Kanawha Preliminary ResultsThe water quality trends were less clear with corn. While a single species cover crop (oats) is also the most effective for corn, it is far less effective than rye is for soybeans. The cover crops used ahead of corn (oats, hairy vetch, and radish) all either die off over the winter OR yield very little spring growth. The biggest difference in the soybeans was the use of cereal rye and its winter hardiness — the spring cover crop growth made a huge difference in terms of water quality benefits! As the rye on the soybean plots has more to time grow in the spring, it uptakes more nitrate. Corn is planted earlier in the season, so if rye were growing prior to corn, it would have to be terminated earlier, yielding less benefit for the nitrate uptake by the cover crop.

Ideally, the amount of nitrate leaving the field (represented by the water that a lysimeter collects) would be low. Nitrate is most useful on the farm field, as it is dangerous in high concentrations to humans and pollutes water. Depending on the final results of the data, this research could potentially be used to show how and which type of cover crops are most effective in holding the nitrate in place without letting it move into water sources.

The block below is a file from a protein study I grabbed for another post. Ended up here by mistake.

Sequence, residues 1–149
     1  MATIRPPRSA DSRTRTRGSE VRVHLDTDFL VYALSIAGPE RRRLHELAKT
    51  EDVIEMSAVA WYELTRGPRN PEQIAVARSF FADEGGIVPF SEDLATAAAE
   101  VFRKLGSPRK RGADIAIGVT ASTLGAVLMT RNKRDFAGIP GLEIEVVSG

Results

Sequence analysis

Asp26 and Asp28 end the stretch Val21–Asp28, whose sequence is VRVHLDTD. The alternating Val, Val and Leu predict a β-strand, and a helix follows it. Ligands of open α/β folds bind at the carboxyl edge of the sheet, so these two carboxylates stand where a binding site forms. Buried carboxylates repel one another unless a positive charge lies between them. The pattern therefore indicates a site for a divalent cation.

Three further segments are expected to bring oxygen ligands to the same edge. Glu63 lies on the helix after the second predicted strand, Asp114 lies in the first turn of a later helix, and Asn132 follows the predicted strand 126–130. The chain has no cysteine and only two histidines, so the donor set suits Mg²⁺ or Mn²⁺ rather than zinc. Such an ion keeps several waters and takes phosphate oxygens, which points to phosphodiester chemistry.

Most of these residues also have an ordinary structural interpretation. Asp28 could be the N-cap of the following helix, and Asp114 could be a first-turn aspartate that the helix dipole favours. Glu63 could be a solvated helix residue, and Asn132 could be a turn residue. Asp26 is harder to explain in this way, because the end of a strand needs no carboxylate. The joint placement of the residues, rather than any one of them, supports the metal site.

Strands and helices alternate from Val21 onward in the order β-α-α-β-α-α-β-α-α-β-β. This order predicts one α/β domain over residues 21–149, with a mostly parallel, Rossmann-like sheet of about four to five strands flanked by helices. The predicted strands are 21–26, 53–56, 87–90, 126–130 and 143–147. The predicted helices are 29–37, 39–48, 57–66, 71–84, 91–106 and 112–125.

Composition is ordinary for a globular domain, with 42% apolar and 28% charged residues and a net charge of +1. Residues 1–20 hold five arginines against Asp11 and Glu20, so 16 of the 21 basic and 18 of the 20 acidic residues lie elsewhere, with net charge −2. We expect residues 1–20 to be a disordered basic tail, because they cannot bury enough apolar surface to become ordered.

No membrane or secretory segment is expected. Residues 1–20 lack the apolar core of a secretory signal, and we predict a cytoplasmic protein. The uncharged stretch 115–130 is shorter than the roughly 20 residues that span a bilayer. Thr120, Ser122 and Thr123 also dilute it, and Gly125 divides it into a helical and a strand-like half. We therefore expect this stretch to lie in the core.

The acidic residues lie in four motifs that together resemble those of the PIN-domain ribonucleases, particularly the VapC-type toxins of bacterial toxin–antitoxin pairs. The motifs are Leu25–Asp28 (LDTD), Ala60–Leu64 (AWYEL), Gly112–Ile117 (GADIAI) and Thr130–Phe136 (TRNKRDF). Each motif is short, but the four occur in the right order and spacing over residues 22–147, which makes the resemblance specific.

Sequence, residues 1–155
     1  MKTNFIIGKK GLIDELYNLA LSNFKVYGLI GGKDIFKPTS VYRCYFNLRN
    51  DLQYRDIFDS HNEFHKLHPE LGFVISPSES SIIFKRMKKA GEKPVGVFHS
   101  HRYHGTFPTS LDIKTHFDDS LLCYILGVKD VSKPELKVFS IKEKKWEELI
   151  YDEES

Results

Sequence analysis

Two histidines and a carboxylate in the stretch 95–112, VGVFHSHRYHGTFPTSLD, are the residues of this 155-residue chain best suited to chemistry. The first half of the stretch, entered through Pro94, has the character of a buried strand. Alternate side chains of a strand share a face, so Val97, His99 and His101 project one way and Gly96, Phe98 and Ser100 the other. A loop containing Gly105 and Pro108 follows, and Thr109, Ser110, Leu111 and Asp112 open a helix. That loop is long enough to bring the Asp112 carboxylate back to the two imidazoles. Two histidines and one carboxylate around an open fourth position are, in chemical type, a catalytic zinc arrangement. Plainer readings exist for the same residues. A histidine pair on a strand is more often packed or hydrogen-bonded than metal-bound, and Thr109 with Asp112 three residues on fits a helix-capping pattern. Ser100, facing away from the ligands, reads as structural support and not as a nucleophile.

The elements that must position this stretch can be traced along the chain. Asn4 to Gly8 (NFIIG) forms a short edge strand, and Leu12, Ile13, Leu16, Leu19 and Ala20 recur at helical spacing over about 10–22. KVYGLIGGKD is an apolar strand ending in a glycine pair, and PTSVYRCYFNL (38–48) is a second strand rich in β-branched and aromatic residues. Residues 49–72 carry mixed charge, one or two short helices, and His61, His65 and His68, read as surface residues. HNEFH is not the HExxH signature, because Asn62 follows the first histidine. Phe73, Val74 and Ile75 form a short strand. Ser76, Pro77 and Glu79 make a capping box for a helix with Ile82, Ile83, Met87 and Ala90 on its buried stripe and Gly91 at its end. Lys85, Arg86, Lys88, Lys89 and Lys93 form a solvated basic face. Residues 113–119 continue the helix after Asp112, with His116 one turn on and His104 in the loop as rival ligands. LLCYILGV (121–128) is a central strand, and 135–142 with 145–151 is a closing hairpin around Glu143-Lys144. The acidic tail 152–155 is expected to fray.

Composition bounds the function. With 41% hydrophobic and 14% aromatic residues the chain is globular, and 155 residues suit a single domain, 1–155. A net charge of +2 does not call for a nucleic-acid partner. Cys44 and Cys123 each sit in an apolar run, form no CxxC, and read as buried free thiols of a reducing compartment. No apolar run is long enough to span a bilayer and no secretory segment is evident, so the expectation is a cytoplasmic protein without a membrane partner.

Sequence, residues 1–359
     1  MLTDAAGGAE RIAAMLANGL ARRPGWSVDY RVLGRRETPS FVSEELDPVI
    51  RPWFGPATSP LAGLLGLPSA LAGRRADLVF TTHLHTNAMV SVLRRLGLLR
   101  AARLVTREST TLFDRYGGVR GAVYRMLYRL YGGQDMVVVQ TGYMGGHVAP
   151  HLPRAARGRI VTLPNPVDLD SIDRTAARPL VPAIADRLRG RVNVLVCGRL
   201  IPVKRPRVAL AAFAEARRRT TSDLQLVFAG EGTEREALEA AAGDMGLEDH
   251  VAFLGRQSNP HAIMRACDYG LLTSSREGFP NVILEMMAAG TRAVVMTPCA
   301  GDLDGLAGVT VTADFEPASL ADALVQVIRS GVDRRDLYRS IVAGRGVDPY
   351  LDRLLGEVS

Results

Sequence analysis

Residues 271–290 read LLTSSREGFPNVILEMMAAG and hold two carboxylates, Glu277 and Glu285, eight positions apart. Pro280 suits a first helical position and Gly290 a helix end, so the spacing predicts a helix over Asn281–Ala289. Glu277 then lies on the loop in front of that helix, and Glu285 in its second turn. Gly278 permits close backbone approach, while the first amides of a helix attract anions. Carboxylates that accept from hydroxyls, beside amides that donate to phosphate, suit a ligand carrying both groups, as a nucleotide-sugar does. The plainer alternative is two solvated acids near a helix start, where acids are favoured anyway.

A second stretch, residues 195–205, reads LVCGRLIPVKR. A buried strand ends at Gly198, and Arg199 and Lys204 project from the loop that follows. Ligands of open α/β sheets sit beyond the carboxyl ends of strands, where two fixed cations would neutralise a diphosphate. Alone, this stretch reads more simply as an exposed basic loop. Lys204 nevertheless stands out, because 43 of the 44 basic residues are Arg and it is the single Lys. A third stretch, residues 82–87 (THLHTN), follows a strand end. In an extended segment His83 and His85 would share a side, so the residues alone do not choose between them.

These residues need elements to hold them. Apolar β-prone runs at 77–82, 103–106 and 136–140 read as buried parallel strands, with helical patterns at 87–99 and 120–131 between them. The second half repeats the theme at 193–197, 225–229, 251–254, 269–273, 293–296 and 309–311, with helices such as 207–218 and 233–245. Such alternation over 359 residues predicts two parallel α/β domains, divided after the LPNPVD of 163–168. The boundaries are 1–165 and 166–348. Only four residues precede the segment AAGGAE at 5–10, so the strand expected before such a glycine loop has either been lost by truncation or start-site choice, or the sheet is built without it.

IowaNutrientReductionStrategyThis research and its results are important for water quality across the state of Iowa. The Iowa Nutrient Reduction Strategy aims to reduce nutrients in water coming from point sources, like wastewater treatment plants, and nonpoint sources, like farms. A high concentration of nutrients can cause hypoxia, a condition of an area of water that cannot support marine life because it does not have enough oxygen. Hypoxia is a problem in the Gulf of Mexico, and currently the states along the Mississippi River have (or are working to develop) nutrient reduction strategies to help solve this.

This research is made more relevant with the current lawsuit between Des Moines Water Works and three Iowa counties. The Des Moines Water Works uses the Raccoon River for their half million consumers, and they want the amount of nitrates coming from farms in the counties to decrease.

Farmers can make a huge impact on the amount of nitrate in water. I attended a meeting of the Ames City Council in the spring, and the Water and Pollution Control Administration presented to the Council. They could put $36 million into reducing nitrate leaving their facility, but there would be little overall effect. Since farms contribute 92% of the nitrogen load, while municipalities only contribute 8%, we need to consider how much focus there is on reducing the contribution from the point source pollution sources in the municipalities as well as on farms. The research that we are doing will hopefully help show farmers that cover crops are a great way to reduce the amount of nitrate leaving their fields, while also helping to build soil health and protect our soil from erosion.